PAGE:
Or consider making the sandwiches on potato sandwich bread for a smidge more nutrition without sacrificing the soft texture.

And you can also make any of these versions open-faced and then put them under the broiler to caramelize the sugar a little bit.

PRO TIP: While I use unsalted butter for most cooking and baking, salted butter really shines in these sandwiches and adds more flavor. I like to use salted Kerry Gold butter in a tub for spreading.

Have you ever had a bread, butter and sugar sandwich?

What are some of your treasured childhood snacks? I’d love to hear about them in the comments!

Questions

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A sandwich made on soft white bread cut in half with one half resting on the other and a bowl of granulated sugar.

Bread Butter and Sugar Sandwich

Jennifer Field
Bread, butter, and sugar sandwiches are a nostalgic treat. Don't get hung up on nutrition here, just enjoy the snack!
4.54 from 26 votes
Tried this recipe?Please give it a star rating!
Prep Time 5 minutes
Total Time 5 minutes
Course Sandwiches
Cuisine British
Servings 1 sandwich
Calories 417 kcal

Ingredients

  • 2 slices white sandwich bread
  • 2 Tablespoon salted butter
  • 1 tablespoon granulated sugar

Instructions
 

  • Spread half the butter on each slice of bread.
  • Sprinkle the sugar evenly over one buttered slice.
  • Place the second slice on top of the sugar, butter side down, and press down.
  • Put in face.

Did You Make Any Changes?

Notes

I prefer "tub butter" to stick butter for these sandwiches. If using stick butter, make sure it is very soft before spreading so you don't tear holes in your bread.

Nutrition

Serving: 1gCalories: 417kcalCarbohydrates: 43gProtein: 6gFat: 25gSaturated Fat: 15gPolyunsaturated Fat: 8gTrans Fat: 1gCholesterol: 61mgSodium: 487mgFiber: 2gSugar: 16g
Keyword bread butter and sugar sandwich, sugar sandwich
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73 Comments

  1. My grandparents on my dads side were from Holland. My grandmother used to make this for me when I was a kid. I grew up in the 60s and 70s.

  2. This is such a fun article and dialog of comments. Thank you sharing in Jenni. For me, it was my Father’s mother – who I called Gran – that would make butter and sugar sandwiches for my sister and me when we visited. I had been thinking about this for some time — which is what lead me to your post after discussing it with my mother this morning.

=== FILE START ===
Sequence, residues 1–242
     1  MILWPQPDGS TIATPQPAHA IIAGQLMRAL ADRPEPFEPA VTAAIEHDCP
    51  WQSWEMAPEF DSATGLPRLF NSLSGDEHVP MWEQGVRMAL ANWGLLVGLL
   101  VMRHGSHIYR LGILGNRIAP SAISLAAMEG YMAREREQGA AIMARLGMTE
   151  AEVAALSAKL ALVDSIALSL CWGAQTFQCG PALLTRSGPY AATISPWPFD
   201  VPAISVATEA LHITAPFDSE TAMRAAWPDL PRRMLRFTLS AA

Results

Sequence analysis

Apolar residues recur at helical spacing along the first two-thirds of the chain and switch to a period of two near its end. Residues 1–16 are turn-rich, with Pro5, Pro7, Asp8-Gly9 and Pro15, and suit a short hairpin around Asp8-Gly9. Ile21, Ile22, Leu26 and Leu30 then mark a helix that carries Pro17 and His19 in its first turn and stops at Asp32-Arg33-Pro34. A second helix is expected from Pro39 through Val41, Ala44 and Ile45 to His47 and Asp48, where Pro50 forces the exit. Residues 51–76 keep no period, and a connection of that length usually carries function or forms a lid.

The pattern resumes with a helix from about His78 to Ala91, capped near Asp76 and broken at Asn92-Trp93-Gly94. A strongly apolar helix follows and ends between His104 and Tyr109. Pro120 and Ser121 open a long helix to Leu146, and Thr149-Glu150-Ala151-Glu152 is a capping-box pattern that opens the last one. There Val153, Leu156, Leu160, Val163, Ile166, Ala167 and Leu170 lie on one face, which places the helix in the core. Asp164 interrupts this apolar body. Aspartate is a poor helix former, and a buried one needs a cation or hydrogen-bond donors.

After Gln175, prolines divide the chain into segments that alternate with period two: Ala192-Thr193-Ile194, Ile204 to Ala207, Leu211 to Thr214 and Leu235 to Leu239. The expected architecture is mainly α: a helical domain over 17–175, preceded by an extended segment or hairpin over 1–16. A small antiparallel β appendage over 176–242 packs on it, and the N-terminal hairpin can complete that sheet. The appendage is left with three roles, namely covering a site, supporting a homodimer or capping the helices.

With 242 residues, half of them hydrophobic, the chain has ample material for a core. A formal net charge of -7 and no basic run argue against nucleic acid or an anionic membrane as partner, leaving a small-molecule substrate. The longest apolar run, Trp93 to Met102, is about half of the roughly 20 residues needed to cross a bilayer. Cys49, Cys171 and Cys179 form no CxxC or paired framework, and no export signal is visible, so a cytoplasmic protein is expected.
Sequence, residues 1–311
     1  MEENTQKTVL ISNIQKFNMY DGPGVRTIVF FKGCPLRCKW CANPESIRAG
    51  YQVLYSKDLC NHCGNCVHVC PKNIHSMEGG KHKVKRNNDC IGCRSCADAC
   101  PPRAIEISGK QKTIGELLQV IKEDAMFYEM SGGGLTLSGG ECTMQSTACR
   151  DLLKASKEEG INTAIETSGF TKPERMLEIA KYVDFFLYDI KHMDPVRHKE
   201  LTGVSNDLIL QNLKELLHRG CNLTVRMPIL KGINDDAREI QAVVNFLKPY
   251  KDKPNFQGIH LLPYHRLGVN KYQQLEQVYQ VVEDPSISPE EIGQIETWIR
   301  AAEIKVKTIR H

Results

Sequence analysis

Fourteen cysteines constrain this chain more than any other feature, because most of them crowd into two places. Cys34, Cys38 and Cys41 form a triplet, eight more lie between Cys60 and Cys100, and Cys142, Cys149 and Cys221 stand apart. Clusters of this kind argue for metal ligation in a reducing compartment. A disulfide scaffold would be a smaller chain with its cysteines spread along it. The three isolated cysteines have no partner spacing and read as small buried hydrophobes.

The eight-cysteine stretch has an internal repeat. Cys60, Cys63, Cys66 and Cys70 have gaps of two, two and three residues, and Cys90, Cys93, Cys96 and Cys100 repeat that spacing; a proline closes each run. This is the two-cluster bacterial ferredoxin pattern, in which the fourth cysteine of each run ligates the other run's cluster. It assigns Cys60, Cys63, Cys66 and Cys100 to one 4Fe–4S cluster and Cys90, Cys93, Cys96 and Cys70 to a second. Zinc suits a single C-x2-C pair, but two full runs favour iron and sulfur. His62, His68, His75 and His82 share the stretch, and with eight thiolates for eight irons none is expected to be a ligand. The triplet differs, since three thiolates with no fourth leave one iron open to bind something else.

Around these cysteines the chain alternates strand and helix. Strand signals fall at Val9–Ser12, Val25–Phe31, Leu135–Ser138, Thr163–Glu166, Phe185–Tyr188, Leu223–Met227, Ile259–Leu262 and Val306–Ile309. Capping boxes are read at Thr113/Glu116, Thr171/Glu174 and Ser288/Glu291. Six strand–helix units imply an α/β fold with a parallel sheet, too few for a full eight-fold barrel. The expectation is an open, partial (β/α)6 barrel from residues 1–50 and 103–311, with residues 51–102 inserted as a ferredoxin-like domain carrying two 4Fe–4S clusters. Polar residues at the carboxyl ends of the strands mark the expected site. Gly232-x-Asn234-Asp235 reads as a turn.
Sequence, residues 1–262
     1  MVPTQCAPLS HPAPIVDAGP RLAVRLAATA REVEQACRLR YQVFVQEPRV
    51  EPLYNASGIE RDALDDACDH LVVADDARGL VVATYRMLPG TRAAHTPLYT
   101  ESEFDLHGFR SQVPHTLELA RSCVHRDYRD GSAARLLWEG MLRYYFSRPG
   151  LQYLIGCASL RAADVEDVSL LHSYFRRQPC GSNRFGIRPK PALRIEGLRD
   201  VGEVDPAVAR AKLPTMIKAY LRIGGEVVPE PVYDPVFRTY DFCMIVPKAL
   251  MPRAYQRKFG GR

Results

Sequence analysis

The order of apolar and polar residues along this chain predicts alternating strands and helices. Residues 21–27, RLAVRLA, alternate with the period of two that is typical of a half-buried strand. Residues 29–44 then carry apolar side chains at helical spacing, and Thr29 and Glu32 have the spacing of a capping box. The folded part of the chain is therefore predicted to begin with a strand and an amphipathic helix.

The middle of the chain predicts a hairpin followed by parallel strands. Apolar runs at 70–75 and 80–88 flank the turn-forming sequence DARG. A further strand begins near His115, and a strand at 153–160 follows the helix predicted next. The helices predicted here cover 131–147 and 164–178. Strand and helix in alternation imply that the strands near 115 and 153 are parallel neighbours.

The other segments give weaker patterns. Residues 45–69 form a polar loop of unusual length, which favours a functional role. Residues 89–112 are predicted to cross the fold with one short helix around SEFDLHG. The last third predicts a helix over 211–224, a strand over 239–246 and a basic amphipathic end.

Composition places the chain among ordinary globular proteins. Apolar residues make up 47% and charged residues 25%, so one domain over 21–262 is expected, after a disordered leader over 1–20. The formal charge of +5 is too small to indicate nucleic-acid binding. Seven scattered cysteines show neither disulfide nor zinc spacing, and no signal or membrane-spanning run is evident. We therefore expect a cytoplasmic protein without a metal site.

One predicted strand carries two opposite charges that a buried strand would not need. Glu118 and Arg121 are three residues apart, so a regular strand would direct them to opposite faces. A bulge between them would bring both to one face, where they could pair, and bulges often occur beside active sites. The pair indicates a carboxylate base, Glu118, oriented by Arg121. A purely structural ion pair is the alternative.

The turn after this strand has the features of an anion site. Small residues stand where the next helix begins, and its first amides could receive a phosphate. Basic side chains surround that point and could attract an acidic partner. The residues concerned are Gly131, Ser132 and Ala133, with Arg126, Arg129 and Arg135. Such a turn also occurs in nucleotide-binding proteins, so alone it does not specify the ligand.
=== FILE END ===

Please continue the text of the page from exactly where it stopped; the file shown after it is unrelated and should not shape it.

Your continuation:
Gran was born in 1906 and married my grandfather during the depression in 1933 – I’ve always been told that is was at least partially to help him secure work as married men were more likely to be hired. I saw in your comments and others that butter and sugar sandwiches may have come as a depression or WWII treat which I don’t doubt but is is somewhat odd since butter and sugar were scarce or rationed.

    But my father confirmed Gran did make such sandwiches for his sisters and him when they were growing up but he was not able to confirm if she had grown up with them herself.

    What did come out of the discussion with my dad was the WWII increase in the use of margarine. My dad didn’t realize it was margarine – defining it as some white lard like substance – but, through some research, I discovered that the dairy industry had lobbied to prevent margin from being colored to look like butter. As a way around that rule, margarine would be packaged with a yellow dye and it would often be a chore of the children, my dad included, to mix the two so it looked like butter.

    My dad speculated that sugar may have been used too to help with the taste — which might explain the later Parkay and Chiffon margarine commercial where people and mother nature were fooled into thinking it was butter because it was delicious, smooth, and sweet.

    I’ve never heard it called a Buffy and Jody sandwiches but totally loved remembering that show — thanks for catching that. I distinctly remember my sister had a Mrs. Beasley doll.

    Gran lived in Nederland, TX where the choice of bread when I grew up was Rainbow or Rainbow. My dad said they had white or wheat but it was always white at her house and bread was served with every meal as were carrots because they were needed for eye-site which I discovered also got bolstered in public opinion from WWII but that’s another story. Thanks again, Jenni.

  3. I was eating a glazed doughnut and wondered to myself what the difference was between that and a sugar sandwich from my youth? I grew up in Canada and, similar to your assessment, poor but didn’t know it. My folks were from Scotland and in reading some of the comments, I would assume this was a British poor-man’s solution to ‘little in the larder’. It’s heartwarming to know that I was in good company.

    1. This is such a sweet spot for so many people. My grandmother was from England and lived with us, so I don’t know whether this was a Her thing or a Mom thing. But I remember it being so special!

  4. I am reading a novel set in Cornwall, where the protagonist prepared brown sugar sandwiches as an end of stressful day treat for her sister. It had been a specialty of their deceased mom. Anyway, I had never heard of them, so duck-ducked them. You were the first hit.
    Peanut Butter and Golden Eagle Table Syrup mixed together then spread on or dipped into with Ritz Crackers! This was my Saturday morning breakfast as a child.